Gluten and Coeliac disease

 Some people suffer from a condition called Coeliac disease which impedes the digestion of gluten. Coeliac disease is a lifelong autoimmune condition and a multi-system disorder.

People who suffer from this condition must eat foods that do not contain gluten in order to prevent illness. In addition, care must be taken when eating grains that do not contain gluten, particularly oats as they are commonly grown near foods which contain gluten, or are often processed and milled in the same place as wheat. It is therefore important that those including oats in the diet choose gluten-free oats, although some people may be sensitive to gluten-free oats. This is because oats contain a gluten-like protein called avenin.

In coeliac disease, gluten causes the immune system to produce antibodies that attack the delicate bowel lining which is responsible for absorbing nutrients from food.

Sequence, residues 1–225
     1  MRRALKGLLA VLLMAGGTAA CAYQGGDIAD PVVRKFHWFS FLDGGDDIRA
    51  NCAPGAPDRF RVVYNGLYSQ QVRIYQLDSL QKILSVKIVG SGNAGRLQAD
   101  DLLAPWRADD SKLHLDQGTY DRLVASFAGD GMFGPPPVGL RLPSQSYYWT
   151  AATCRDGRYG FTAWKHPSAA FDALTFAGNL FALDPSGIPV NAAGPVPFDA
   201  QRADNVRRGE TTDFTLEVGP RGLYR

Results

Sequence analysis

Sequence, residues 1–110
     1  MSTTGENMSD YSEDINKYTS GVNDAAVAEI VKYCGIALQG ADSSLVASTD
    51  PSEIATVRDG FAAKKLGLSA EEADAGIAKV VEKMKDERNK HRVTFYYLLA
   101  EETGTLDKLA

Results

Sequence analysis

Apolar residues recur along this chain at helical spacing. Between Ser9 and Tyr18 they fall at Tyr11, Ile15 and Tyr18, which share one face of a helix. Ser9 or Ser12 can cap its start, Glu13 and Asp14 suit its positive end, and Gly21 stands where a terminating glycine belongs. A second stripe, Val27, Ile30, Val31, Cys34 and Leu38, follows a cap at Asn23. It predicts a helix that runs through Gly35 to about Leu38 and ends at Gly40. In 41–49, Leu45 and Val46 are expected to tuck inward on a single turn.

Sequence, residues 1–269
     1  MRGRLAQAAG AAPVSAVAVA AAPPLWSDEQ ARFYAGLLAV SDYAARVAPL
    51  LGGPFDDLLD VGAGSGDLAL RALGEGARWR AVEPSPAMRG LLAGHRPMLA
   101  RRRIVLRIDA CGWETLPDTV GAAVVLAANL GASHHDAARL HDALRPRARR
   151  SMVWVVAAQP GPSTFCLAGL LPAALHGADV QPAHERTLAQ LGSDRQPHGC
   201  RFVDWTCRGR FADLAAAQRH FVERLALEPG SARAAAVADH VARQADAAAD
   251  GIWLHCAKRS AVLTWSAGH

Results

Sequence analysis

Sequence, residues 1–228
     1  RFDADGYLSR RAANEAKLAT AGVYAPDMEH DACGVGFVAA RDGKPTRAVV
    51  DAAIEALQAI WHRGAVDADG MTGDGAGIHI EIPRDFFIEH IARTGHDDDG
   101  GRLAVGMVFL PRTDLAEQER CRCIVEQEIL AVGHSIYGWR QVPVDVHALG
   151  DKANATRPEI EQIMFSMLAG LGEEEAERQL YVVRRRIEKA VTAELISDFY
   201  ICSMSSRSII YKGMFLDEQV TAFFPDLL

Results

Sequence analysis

Coeliac disease can be diagnosed at any age including babies after weaning, when cereals containing gluten are first introduced into the diet. However, the most common age of diagnosis is currently between 40 and 60 years old.

Symptoms may often be subtle, and you may feel unwell for some time for no reason before a diagnosis is reached.

Untreated coeliac disease can cause anaemia, low bone density and osteoporosis.  Avoiding all gluten containing food will generally result in the improvement, or even disappearance, of damage to the bowel lining. However, the damage will start again if gluten is re-introduced into the diet.

It used to be thought that coeliac disease affected about 1 in 1500 people. More accurate diagnosis through blood tests has shown that the condition affects 1% of people across Europe. All ethnic groups are affected, and it is common not just in Europe, but also in South Asia, the Middle East,North West and East Africa and South America.

Coeliac disease also tends to be more common in women than men.


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